Concerns about HPat medical school entrance exam need to be urgently addressed
A report in this newspaper that the medical school entrance examination, the HPat, is being investigated amid claims that students had prior knowledge of some of the questions that appeared in the exam is disturbing.
While there is no suggestion of any impropriety on the part of students or the course provider, it is claimed as many as 700 students who attended two-day courses run by a company called MedEntry were coached through a large number of questions, up to 10 of which appeared in the Hpat exam held earlier this month.
The Australian Council for Educational Research (Acer), which administers the HPat test used in Ireland, said it is concerned at the claim and is now conducting a full investigation.
Introduced here in 2009, HPat is seen as a mechanism to widen the number of students eligible to apply for an undergraduate medical degree here. It effectively lowers the Leaving Certificate points threshold; points from the Leaving are now combined with those from the HPat to produce an overall score from which the Central Applications Office then makes offers of places to students.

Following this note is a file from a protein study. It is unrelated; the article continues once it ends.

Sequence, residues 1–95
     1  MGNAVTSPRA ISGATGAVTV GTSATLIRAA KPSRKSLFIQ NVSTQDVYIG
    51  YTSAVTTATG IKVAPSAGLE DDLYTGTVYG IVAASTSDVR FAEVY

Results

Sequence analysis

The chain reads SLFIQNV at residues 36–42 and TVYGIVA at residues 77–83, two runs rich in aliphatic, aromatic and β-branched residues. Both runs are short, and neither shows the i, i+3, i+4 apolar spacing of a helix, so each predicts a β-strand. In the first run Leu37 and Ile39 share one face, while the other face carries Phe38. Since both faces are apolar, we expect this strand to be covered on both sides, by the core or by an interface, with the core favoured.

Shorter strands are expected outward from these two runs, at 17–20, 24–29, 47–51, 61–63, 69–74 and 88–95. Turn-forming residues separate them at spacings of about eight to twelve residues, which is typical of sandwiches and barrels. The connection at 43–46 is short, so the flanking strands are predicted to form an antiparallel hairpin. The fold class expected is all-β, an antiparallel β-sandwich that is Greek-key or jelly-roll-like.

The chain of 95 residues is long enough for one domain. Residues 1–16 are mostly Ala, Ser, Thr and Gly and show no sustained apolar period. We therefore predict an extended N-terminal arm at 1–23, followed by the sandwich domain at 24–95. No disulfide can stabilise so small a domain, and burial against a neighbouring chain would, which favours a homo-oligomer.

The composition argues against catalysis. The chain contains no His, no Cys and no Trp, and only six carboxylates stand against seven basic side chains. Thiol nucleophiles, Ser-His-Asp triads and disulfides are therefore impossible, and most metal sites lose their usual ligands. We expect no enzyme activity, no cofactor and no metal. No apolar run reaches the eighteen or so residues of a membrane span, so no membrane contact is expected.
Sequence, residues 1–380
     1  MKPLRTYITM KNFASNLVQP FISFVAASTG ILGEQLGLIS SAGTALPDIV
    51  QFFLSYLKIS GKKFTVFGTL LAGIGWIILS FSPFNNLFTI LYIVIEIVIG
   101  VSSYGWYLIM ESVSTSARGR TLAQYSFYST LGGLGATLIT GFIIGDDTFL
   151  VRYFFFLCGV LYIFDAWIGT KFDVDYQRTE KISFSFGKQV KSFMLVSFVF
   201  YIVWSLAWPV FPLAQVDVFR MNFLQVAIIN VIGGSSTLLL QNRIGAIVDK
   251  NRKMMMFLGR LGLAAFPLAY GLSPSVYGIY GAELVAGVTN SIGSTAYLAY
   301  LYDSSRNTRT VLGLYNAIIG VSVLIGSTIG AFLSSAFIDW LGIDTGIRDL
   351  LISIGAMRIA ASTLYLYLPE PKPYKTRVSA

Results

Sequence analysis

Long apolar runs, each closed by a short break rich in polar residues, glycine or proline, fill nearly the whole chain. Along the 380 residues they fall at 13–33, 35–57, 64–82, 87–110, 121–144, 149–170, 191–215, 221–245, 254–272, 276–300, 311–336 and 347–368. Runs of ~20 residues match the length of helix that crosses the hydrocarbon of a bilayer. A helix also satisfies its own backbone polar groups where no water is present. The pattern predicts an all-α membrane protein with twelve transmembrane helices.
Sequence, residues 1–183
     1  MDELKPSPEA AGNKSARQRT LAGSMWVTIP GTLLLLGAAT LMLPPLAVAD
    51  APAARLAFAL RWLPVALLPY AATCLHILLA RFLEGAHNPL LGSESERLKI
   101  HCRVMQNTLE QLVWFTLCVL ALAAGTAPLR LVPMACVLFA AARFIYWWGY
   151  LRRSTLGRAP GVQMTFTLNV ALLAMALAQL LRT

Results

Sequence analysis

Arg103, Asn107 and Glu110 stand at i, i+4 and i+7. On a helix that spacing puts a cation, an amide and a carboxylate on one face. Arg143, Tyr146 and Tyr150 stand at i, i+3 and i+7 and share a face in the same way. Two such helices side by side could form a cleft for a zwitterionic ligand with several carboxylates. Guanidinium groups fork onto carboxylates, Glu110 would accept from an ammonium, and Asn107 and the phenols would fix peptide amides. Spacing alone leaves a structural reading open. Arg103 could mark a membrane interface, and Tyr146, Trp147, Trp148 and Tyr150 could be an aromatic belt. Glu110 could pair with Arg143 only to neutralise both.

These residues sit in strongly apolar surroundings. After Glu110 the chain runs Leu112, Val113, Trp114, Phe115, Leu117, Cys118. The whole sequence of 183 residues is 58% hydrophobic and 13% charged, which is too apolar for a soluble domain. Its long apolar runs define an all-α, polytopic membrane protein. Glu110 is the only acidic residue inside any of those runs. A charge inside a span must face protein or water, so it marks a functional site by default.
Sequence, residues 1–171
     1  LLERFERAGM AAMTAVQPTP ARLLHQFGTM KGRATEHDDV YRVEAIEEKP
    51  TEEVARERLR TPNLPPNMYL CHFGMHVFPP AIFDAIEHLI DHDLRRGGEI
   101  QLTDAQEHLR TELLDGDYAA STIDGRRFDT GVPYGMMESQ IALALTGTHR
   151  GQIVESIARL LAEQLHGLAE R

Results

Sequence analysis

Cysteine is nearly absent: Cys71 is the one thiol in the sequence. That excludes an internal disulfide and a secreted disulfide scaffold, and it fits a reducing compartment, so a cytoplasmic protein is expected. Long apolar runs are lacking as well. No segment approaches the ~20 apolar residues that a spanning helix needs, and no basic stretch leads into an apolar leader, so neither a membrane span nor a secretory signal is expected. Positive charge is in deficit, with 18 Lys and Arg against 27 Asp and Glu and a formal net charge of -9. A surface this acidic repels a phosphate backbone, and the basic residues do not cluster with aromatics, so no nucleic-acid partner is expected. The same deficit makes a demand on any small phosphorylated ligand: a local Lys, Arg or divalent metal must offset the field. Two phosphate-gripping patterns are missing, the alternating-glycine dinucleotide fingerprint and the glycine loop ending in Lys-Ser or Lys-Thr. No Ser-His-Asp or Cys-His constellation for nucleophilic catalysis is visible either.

While kept under regular review by educationalists here, a formal review of the examination is due to be carried out later this year by academics at University College Cork to decide whether to retain the test or not. In this context it is interesting to note there has been a decline in the numbers sitting the aptitude test, dropping from around 3,000 students in 2012 to just over 2,500 candidates this year. It would be wise for those tasked with deciding on the HPat’s future to undertake research among applicants to establish why this decline has occurred.
The 2012 report of the National Research Group Evaluating Revised Entry Mechanisms to Medicine found that candidates who repeated the HPat were likely to improve their score with the largest improvement seen in a section devoted to non verbal-reasoning. The review subsequently recommended that the scores be redistributed for all three sections with the aim of reducing t he impact of repeating the test.
There can be no question mark over the integrity of any test which helps to determine entry to a university in the State. The Minister for Education must ask the Higher Education Authority to investigate the process of entry to medical schools in Irish universities as a matter of urgency.